Take a sneak peek at the new NIST.gov and let us know what you think!
(Please note: some content may not be complete on the beta site.).
NIST Authors in Bold
|Author(s):||Aleksandr B. Stefaniak; Vincent A. Hackley; Gert Roebben; Kensei Ehara; Steve Hankin; Michael T. Postek; Iseult Lynch; Wei-En Fu; Thomas P. Linsinger; Andreas Th?nemann;|
|Title:||Nanoscale Reference Materials for Environmental, Health, and Safety Measurements: Needs, Gaps, and Opportunities|
|Published:||November 07, 2012|
|Abstract:||There is a need to understand and manage potential risks posed to workers, the public, and the environment from exposure to engineered nanomaterials. In response, several organizations have developed lists of relevant nano-objects and of physico-chemical properties thought to be important for the risk assessment of nano-objects. In this paper, we critically review these lists and discuss metrological challenges associated with development of nanoscale reference materials (RMs). Five lists were identified that contained 25 (classes of) nano-objects; only four (gold, silicon dioxide, silver, titanium dioxide) were common to all lists. Twenty eight lists were identified that contained 51 different properties perceived as important for characterization; (specific) surface area was the only property on all lists. Many of the listed properties were ill-defined or qualitative in nature which precludes development of RMs for these properties. Among the properties that were accurately described and quantitative, many are method-defined, i.e., dependent upon the measurement process. Because of the metrological challenges associated with these method-defined properties, very few nanoscale RMs are currently available, except for particle size measurement. Opportunities exist for the metrology and environmental, health and safety communities to clarify the relationship between nano-object and characterization requirements for safety testing and the concept of RMs. Improved communication and collaboration between these communities may help to clarify which RMs are needed to support the safety assessment of relevant nano-objects or which non-RMs would fulfill needs for safety testing. Such an approach would permit efficient development of more costly RMs to solve specific measurement problems.|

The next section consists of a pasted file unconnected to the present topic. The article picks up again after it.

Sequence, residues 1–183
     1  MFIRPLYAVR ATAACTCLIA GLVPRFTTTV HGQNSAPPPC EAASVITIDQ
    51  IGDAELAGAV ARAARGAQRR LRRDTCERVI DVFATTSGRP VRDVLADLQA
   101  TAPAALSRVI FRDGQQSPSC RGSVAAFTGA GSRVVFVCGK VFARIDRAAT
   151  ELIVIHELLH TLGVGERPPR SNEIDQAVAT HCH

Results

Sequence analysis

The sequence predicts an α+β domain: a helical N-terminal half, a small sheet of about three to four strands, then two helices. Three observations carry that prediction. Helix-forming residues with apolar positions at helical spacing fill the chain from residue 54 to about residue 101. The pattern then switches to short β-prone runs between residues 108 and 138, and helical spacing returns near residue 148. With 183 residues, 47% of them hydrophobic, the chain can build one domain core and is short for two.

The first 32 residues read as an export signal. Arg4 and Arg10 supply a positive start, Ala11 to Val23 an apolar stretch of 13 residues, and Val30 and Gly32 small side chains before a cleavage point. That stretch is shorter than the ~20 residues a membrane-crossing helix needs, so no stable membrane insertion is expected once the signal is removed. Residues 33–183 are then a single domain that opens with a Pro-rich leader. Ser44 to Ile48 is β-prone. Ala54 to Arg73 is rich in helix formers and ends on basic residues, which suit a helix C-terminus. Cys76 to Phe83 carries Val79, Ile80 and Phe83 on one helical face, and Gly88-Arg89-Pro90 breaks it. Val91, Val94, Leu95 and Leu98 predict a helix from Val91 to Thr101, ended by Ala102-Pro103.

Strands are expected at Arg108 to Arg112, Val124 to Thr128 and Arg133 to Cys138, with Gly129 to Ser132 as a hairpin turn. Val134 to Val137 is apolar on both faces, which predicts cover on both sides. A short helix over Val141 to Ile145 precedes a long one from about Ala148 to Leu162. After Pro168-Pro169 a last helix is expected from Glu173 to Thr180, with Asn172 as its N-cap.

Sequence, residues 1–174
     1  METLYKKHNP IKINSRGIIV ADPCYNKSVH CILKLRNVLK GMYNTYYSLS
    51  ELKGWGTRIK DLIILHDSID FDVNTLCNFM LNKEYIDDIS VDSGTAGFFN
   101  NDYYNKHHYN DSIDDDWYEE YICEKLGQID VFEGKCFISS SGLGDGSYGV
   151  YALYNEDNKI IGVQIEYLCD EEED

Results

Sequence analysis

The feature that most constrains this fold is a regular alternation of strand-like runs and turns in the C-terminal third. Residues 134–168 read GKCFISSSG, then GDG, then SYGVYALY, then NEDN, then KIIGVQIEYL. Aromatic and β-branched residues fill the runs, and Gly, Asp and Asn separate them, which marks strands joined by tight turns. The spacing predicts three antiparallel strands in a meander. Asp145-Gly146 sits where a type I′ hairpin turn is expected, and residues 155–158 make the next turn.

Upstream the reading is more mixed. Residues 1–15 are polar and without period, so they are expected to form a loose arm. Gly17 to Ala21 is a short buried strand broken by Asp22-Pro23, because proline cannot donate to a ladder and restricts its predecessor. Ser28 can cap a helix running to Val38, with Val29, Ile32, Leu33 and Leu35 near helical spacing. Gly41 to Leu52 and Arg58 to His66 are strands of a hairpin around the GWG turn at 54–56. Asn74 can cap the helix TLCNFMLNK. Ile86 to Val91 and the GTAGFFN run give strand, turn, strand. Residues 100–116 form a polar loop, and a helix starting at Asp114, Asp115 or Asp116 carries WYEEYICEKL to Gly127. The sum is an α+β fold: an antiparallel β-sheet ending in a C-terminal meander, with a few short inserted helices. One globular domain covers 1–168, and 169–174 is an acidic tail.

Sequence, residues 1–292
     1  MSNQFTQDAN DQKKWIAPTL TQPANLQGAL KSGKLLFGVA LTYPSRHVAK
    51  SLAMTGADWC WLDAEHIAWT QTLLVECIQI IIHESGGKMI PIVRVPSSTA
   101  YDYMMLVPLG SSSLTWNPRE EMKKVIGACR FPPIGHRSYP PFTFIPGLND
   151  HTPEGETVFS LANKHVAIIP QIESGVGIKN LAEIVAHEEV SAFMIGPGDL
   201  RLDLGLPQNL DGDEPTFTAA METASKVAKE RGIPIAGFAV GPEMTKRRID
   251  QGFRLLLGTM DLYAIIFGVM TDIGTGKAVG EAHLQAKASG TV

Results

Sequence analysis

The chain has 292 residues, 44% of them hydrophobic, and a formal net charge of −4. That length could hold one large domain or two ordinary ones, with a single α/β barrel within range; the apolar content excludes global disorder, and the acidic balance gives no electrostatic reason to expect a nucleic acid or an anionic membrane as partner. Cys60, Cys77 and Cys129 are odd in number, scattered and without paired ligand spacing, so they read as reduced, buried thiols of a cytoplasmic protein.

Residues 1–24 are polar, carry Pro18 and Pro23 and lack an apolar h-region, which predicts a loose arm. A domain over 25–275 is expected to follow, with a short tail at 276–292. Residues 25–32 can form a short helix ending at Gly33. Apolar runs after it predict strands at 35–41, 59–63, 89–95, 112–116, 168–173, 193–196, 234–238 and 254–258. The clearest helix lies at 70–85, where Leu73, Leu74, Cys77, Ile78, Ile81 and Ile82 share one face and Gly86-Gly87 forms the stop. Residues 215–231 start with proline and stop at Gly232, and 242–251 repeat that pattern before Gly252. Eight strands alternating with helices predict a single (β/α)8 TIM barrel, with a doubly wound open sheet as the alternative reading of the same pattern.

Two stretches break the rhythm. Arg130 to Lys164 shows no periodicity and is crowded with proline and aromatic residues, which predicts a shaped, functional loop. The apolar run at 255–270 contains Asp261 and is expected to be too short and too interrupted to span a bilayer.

|Keywords:||nanoparticle, nanoscale, reference material, nano-object, nanomaterial, characterization, particle size|
|Research Areas:||Characterization, Nanometrology, and Nanoscale Measurements, Nanotech/Environment, Health & Safety, International|
|DOI:||http://dx.doi.org/10.3109/17435390.2012.739664 (Note: May link to a non-U.S. Government webpage)|
|PDF version:||Click here to retrieve PDF version of paper (301KB)|